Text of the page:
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Artificial Intelligence, Warfighters Form Enhanced Partnership on Battlefield

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Artificial intelligence by itself is not a game changer, but when it's paired with humans, it can be a great tool — particularly in the future of warfare, Defense Department experts said.

The most important element in the battlefield of the future won't be rockets, bullets or robots, but data and the ability to collect it from any point and send it where it needs to be, the experts said yesterday at a Defense One Tech Summit panel discussion titled ''Linking Land, Air, Sea, and Space to Dominate the Battlefield of Tomorrow.''

Seven service members wearing face masks sit in a row and operate radios as an instructor looks on.
Hands-On Training
Soldiers in advanced individual training learn about the single-channel ground and airborne radio system at Fort Sill, Okla., April 21, 2020.
Photo By: Army Sgt. Amanda Hunt
VIRIN: 200421-A-WX120-0014X

Data shareability is at the heart of the military's next-generation, multidomain operations concept. It's a vision of the future in which every tool in the U.S. arsenal — on the land, air, sea, space and cyberspace — can communicate instantaneously at high bandwidth. 

The speakers included: Cynthia Bedell, director of computation and information sciences at the Army Research Laboratory; Preston Dunlap, the Air Force’s chief architect; Dr. Tim Grayson, director of the Strategic Technology Office at the Defense Advanced Research Projects Agency; and Lisa Sanders, director of science and technology for U.S. Special Operations Command.

Artificial intelligence, or AI, could possibly be deployed on the battlefield in multidomain operations in five to 10 years, Grayson noted.

A service member launches a drone as two other service members watch from a distance.
Raven Launch
A Marine with Marine Rotational Force Europe 20.2, Marine Forces Europe and Africa, launches a Raven unmanned aerial system during training in Setermoen, Norway, June 1, 2020.
Photo By: Marine Corps Lance Cpl. Chase W. Drayer
VIRIN: 200601-M-YQ123-1148

''Mosaic warfare,'' a concept being developed by the Defense Advanced Research Projects Agency, would link warfighter platforms — missile batteries, tanks, planes, ships and so on — through a communications network powered by AI, he said.

Layering a network with AI would enable the warfighter to better decide which asset is most effective in carrying out a specific mission. For example, if both Air Force and Navy aircraft are in an area to be targeted, AI could suggest which would be the better choice.

In a mosaic warfare ground scenario, AI might suggest sending an unmanned aerial vehicle or ground robot ahead of the main, ground battle force. That unmanned system might spot an enemy tank and pass the coordinates back, which are then relayed to a non-line-of-sight strike system in the rear that, in turn, launches its munitions and takes out the target.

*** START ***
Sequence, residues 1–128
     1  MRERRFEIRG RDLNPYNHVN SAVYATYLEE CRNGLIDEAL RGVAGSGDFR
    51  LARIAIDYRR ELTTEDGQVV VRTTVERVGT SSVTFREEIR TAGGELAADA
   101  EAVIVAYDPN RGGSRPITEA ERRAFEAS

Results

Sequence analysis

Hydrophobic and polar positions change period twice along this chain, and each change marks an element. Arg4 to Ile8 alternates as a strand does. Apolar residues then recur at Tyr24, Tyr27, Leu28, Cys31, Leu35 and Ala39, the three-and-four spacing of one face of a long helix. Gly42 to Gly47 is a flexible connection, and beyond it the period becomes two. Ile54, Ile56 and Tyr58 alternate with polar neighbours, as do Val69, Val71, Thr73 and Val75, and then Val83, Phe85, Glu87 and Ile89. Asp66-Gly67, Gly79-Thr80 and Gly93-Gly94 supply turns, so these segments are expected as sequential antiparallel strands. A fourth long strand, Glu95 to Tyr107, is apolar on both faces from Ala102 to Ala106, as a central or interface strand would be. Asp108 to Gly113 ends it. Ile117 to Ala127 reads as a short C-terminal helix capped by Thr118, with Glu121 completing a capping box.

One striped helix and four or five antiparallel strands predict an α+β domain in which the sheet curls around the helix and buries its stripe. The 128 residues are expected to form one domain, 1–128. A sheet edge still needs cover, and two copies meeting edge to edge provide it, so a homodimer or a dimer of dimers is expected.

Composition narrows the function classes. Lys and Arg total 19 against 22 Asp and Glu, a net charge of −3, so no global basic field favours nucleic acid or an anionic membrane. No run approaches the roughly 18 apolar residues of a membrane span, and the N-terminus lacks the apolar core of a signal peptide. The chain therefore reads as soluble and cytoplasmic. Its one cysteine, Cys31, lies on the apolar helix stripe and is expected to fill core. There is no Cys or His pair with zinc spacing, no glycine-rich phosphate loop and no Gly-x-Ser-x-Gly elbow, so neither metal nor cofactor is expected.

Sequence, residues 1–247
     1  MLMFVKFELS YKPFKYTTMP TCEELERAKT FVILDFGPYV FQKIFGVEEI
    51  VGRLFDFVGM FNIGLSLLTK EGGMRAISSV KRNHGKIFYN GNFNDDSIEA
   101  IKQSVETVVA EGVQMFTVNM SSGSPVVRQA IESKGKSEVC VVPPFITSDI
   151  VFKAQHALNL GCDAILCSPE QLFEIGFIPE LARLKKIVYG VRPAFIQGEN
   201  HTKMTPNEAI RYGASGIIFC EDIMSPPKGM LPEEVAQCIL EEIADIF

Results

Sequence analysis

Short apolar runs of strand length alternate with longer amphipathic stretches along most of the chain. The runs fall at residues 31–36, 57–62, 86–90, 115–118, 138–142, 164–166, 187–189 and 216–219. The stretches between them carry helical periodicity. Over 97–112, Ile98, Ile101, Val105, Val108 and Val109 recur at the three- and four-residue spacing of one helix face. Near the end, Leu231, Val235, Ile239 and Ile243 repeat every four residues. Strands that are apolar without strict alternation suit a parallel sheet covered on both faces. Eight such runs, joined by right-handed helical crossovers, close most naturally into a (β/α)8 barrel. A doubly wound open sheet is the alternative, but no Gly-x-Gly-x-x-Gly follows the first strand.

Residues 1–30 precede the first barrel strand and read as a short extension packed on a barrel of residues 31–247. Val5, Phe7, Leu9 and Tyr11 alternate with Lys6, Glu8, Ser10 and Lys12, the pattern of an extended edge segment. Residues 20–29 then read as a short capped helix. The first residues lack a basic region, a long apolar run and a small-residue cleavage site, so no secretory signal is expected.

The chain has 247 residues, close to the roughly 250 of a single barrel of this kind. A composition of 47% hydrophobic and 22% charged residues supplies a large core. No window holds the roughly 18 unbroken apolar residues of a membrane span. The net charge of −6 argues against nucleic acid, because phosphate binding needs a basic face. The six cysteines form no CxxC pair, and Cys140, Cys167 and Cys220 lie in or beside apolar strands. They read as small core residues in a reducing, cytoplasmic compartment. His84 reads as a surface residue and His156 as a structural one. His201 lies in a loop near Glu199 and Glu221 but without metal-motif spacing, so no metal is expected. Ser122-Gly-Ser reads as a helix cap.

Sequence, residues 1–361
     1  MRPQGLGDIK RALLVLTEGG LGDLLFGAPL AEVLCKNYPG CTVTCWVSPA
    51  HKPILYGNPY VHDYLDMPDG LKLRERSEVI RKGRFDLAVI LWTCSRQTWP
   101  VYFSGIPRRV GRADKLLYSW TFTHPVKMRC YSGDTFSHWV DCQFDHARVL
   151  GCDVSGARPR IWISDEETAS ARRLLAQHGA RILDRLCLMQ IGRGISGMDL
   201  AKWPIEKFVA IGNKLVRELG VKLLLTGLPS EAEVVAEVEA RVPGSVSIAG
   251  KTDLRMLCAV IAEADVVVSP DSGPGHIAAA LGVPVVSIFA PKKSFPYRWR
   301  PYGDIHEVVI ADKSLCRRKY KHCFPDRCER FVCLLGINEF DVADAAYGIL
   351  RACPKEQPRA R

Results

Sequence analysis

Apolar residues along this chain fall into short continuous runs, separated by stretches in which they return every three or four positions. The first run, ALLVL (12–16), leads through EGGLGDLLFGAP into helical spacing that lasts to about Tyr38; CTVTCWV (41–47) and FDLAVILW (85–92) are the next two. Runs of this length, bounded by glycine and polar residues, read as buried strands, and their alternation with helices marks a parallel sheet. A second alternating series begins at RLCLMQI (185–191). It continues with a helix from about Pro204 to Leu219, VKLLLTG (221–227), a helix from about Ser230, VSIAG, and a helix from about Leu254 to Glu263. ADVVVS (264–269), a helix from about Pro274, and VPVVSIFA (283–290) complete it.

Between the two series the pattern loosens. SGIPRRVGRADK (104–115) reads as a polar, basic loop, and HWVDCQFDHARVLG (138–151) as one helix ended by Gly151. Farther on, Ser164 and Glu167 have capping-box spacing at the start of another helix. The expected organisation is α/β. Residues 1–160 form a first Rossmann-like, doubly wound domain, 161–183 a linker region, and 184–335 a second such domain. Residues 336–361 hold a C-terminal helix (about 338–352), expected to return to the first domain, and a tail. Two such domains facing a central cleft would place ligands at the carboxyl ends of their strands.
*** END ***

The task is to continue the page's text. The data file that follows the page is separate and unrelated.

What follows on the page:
A large radar system is tilted toward the sky.
Sky View
An Air Force C-band space surveillance radar system, operates as a dedicated sensor node near Exmouth, Australia, Aug. 27, 2019. Strategically located to cover both the southern and eastern hemispheres, the radar provides tracking and identification of space assets and debris for the U.S. space surveillance network.
Photo By: Navy Petty Officer 2nd Class Jeanette Mullinax
VIRIN: 190827-N-TH560-0531X

Bedell said that while large platforms such as ships and aircraft can carry a lot of power and computing, soldiers on the ground usually can't. AI could be used to optimize communications in controlling how data and bandwidth are used most effectively, she explained.

In another example, Bedell said AI algorithms could be refined as systems learn certain behaviors. An unmanned ground vehicle could learn a safer route to avoid detection, moving in the shadows instead of traveling in the middle of a road. Those lessons could be shared from machine to machine. The Army Research Laboratory plans to do some experiments along those lines this fall.

An airman wearing a face mask works on a computer.
Tablet Configuration
Air Force Senior Airman Mark Burston, a 747th Communications Squadron executive communication technician, configures a tablet for network use at Joint Base Pearl Harbor-Hickam, Hawaii, May 11, 2020.
Photo By: Air Force Tech. Sgt. Anthony Nelson Jr.
VIRIN: 200511-F-RE693-0097X

Bedell said an important aspect of AI is learning how human behavior changes when working with autonomous partners and how autonomous partners interact with different humans.

Grayson added that humans are better at making high-level decisions, while AI-powered machines can process complicated things at great speed. DARPA, in partnership with the Air Force, will be conducting experiments along these lines to better understand these interactions, he said.

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